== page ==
BALTIMORE, MD (Jan. 11, 2006) – The Maryland Department of the Environment (MDE) unveiled Governor Ehrlich’s proposed Clean Power Rule today. MDE revised the rule to further cut mercury and nitrogen oxide levels. Once enacted, the final version of the most sweeping air pollution control measures proposed in Maryland history will do even more to clean Maryland’s air than when proposed about two months ago.
“Combined with our historic Chesapeake Bay Restoration Act, the rule makes Maryland a national leader in air and water quality,” said Governor Robert L. Ehrlich, Jr. “Our plan dramatically improves year round controls on power plant emissions and will take bold action to reduce harmful mercury levels. In addition to cleaning the air we breathe, the rule will reduce nitrogen pollution entering the Chesapeake Bay, 30 percent of which comes from the air. Simply put, my Administration’s air and water quality strategy is making Maryland a cleaner and safer place to live.”
“We’ve taken a strong rule and made it even more restrictive, which is a good thing,” added Secretary of the Environment Kendl P. Philbrick. “The Maryland Clean Power Rule is the key to bringing us into compliance with new federal standards. It will provide more than 90 percent in new local reductions needed to reach air quality attainment status.”
The rule will ensure emission reductions occur at Maryland’s most polluting coal-fired power plants. It will bring the State into compliance with federal health-based air quality standards for ozone and fine particulate by 2010.
Under the Clean Power Rule:
Power plant nitrogen oxide (NOx) emissions will be cut by 69 percent by 2009. A second round of NOx controls will reduce emissions by a total of 75 percent in 2012. Combined with previous emission control measures, the rule will result in an overall NOx reduction of about 85 percent since 2000.
Mercury emissions will fall by 80 percent in 2010 and reach 90 percent in 2015.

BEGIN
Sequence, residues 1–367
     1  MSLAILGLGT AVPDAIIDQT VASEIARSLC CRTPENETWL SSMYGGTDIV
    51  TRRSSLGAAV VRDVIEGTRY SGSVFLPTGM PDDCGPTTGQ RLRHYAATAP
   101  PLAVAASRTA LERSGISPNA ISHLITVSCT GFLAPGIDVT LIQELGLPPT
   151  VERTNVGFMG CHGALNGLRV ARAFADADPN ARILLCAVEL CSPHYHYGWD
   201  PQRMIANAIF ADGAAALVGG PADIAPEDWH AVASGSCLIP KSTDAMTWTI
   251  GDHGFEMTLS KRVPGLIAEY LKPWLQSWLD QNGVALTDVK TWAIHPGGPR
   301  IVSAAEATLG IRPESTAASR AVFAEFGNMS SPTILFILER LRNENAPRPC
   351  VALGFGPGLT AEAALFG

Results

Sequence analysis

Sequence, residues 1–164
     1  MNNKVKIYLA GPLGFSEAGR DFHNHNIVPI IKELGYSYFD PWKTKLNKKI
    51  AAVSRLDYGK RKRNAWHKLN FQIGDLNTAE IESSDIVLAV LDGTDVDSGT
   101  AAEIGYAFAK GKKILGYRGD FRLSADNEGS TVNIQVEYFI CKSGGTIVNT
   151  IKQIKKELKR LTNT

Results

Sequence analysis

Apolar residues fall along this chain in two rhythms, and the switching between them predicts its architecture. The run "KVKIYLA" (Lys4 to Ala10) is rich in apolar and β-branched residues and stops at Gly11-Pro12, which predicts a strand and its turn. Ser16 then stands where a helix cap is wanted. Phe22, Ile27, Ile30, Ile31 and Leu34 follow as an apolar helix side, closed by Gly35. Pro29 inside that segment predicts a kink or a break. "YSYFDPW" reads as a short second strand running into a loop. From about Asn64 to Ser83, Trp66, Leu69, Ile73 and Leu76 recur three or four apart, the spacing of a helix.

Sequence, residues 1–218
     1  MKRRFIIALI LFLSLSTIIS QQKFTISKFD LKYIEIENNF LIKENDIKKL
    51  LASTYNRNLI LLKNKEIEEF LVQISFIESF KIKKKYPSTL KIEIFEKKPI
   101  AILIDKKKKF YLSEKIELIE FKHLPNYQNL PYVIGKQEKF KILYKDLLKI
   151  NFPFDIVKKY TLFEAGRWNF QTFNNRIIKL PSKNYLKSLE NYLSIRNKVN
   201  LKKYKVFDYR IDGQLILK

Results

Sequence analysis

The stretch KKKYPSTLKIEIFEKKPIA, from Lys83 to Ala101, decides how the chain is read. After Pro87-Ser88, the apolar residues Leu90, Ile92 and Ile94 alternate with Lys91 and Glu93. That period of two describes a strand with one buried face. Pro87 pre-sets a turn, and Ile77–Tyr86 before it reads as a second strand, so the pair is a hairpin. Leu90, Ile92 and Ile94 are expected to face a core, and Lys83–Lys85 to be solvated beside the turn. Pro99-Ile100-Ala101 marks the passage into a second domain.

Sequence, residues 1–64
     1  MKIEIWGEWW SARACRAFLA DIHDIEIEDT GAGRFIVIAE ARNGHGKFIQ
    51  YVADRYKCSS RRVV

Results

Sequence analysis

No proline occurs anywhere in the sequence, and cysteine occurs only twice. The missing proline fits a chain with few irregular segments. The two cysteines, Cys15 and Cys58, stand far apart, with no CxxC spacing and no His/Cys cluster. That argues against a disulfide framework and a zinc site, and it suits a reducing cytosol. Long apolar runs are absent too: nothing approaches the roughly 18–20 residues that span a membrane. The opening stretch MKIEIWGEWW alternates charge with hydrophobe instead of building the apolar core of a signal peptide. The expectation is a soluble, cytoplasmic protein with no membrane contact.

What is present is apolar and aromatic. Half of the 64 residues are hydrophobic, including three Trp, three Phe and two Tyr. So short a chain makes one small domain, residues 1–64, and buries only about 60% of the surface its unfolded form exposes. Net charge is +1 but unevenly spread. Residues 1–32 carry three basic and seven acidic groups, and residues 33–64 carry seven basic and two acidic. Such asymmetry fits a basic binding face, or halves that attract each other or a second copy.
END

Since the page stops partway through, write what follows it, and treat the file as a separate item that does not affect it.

Sulfur dioxide emissions will be reduced by 85 percent in 2010.
The Maryland Clean Power Rule surpasses existing work with the Ozone Transport Commission, a coalition of northeastern states partnering on air pollution issues. None of Maryland’s neighboring states have adopted rules to aggressively control emissions from power plants. Maryland is one of a few states on the East Coast to adopt a multi-pollutant rule for power plants. The Clean Power Rule is more restrictive than North Carolina’s highly touted “Clean Smokestacks Act”.
Largely because of pollution from excess nitrogen and phosphorus, the Chesapeake Bay and its tidal rivers remain on the Clean Water Act’s list of impaired waters. The rule will benefit the Chesapeake Bay by reducing nitrogen from the air by up to 900,000 pounds per year, which is a significant step towards achieving Maryland’s Chesapeake Bay Agreement commitment.
For more information or to obtain a copy of the rule go to: www.mde.state.md.us/Air/Md_CPR.asp or call MDE’s Air and Radiation Management Administration at 410-537-3245.
MDE will hold public hearings on the rule this spring. The meeting dates/times will be posted on MDE’s online calendar at: mde.maryland.gov/calendar.